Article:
(Updated May 12, 2022)
This is the fourth post in our series on the “Ethics of Freelancing” series. The previous posts in the series were on: "The Duty of Confidentiality"; "Avoiding Conflicts of Interest"; and "Marking-Up Freelance Lawyers' Fees". This post examines when a lawyer might have an ethical duty or obligation to engage the services of a freelance lawyer.
Rule 3.1-2 of Ontario’s Rule of Professional Conduct (and similarly the Rules of Professional Conduct in other provinces), requires that: “A lawyer shall perform any legal services undertaken on a client's behalf to the standard of a competent lawyer.”
Rule 3.1-1 sets out a list of skills and attributes of a “competent lawyer” including:
A lawyer’s ability to competently handle files may diminish when overextended with excessive legal work – putting the lawyer at risk of breaching the Rules of Professional Conduct. Busy law firms or sole practitioners can mitigate against potential ethical pitfalls by outsourcing to a qualified freelance lawyer if they become overextended with legal work and become unable to meet their client demands in a timely, effective, and cost-effective manner.
See the Ontario Superior Court of Justice decision Aganeh et al. v. Falconer et al., 2022 ONSC 2037, where the Court recognized the availability of freelance lawyers to assist solo and small firms, and arguably indicating that not having capacity to do the work is no longer a valid reason for seeking an adjournment.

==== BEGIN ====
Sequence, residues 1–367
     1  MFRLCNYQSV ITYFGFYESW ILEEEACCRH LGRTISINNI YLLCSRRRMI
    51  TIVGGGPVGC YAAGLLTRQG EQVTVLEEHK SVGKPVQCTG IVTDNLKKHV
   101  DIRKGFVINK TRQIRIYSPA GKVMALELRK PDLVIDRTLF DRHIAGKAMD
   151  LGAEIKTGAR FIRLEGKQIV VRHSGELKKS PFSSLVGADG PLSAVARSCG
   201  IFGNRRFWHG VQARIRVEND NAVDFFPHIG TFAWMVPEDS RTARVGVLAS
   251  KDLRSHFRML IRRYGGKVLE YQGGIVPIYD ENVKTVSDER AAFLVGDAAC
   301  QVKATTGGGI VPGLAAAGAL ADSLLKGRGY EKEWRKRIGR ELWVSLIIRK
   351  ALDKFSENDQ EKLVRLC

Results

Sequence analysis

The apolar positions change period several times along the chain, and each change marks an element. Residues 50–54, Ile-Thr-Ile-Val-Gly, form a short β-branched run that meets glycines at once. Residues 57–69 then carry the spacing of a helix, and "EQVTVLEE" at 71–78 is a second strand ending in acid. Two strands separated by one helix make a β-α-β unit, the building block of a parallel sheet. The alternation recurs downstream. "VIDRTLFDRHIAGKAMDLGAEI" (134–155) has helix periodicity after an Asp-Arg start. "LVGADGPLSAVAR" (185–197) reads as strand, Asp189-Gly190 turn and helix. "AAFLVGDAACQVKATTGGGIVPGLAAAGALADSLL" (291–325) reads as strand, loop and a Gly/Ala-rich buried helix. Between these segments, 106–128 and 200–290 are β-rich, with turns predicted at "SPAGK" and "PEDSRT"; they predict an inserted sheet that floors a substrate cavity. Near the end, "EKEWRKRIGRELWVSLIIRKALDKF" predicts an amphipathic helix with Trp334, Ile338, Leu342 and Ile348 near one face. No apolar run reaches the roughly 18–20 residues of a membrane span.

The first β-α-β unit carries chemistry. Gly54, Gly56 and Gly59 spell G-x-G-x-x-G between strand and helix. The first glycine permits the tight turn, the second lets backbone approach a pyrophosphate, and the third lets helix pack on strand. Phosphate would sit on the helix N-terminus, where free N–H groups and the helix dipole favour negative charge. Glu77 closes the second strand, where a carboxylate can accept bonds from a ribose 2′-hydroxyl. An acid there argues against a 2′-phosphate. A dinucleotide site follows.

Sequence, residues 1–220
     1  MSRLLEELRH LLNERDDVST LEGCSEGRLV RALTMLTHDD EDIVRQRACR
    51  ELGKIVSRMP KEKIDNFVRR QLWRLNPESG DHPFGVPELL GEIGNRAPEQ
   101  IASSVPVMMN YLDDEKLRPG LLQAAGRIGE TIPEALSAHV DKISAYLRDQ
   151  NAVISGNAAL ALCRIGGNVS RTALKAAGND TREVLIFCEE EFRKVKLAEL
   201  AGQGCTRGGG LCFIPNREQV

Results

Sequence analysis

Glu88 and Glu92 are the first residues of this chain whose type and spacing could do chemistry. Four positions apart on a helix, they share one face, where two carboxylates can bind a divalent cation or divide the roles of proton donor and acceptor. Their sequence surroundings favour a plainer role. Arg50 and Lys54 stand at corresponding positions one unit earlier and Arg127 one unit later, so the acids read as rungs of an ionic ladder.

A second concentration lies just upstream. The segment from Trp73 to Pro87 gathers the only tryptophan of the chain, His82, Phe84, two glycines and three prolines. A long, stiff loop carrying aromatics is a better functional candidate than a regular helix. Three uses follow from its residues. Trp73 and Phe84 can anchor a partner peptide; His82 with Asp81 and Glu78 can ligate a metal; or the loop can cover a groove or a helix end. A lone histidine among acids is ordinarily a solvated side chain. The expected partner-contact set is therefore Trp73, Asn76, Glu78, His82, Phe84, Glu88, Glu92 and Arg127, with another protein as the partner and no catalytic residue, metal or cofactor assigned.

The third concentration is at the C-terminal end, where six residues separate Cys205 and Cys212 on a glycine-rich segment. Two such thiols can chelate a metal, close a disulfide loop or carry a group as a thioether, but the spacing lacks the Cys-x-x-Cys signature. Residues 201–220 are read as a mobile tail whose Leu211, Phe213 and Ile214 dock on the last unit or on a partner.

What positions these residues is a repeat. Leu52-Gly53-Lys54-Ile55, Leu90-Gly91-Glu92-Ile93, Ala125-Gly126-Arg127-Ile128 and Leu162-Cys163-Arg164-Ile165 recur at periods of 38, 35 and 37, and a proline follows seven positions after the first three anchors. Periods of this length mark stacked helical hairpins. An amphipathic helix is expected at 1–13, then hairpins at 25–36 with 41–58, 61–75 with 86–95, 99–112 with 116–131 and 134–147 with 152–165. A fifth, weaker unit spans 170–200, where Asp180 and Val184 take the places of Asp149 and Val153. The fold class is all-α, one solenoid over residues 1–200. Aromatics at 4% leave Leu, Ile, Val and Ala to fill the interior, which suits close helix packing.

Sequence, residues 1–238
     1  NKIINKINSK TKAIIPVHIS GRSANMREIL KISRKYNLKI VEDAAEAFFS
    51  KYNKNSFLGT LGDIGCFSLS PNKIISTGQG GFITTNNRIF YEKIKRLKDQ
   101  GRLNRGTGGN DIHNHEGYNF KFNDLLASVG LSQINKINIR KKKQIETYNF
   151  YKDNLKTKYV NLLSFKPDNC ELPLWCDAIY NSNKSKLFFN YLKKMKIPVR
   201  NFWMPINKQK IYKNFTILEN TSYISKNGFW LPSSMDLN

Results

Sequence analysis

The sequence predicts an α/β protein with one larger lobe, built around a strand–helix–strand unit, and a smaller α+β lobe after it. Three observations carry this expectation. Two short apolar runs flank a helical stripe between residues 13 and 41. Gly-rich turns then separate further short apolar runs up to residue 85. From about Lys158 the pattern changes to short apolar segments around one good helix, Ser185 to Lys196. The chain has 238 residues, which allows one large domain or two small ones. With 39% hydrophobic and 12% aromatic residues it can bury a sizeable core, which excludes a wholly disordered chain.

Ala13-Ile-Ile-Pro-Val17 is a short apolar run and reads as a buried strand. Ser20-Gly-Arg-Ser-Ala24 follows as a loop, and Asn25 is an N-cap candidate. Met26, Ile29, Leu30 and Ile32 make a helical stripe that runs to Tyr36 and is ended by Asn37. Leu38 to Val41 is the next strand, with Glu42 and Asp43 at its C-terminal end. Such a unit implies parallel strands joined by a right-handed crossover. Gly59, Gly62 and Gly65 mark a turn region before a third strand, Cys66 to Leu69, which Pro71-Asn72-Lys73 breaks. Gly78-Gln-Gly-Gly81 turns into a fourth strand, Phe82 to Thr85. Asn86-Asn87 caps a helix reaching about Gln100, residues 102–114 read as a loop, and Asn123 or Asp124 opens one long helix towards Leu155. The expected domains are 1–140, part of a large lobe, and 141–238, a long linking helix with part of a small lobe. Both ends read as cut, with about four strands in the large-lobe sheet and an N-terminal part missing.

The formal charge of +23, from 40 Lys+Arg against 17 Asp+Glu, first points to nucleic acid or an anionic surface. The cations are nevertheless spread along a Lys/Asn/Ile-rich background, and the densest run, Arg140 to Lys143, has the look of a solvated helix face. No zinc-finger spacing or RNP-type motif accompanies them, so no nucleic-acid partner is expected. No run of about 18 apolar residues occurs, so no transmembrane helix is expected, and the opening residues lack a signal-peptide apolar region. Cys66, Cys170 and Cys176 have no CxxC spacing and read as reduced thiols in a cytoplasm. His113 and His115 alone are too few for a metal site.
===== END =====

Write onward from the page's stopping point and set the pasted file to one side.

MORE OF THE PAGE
In this case the Court denied a solo practitioner's request for an adjournment made the day before a hearing, where the lawyer argued his practice was affected by COVID (and other endeavors such as taking care of a homeless man) and he did not have the capacity to prepare for the hearing, despite agreeing to a timetable and hearing date seven months in advance:
"Although I am not unsympathetic to the challenges of sole practitioners, I note that there are now a wide variety of contracting services available that are designed specifically to provide lawyers for short term assignments to assist sole practitioners or small firms with these challenges. . .
. . . There are serious delays in the civil litigation system. Those delays are only exacerbated if parties do not adhere to court ordered timetables or do not make timely requests to amend those timetables.
Case timetables are court orders like any other and are meant to be adhered to. [The lawyer] had ample time since [seven months prior], to either seek short term help, agree to a new timetable or seek a case conference to amend the timetable."
If proper procedures are followed, outsourcing work to a qualified freelance lawyer is one way to ensure that a hiring lawyer or hiring law firm is meeting its ethical obligations to its clients.
By engaging the services of a freelance lawyer, the hiring lawyer increases efficiency and productivity while also reducing costs. This improves the overall quality of representation that the hiring lawyer provides to their clients!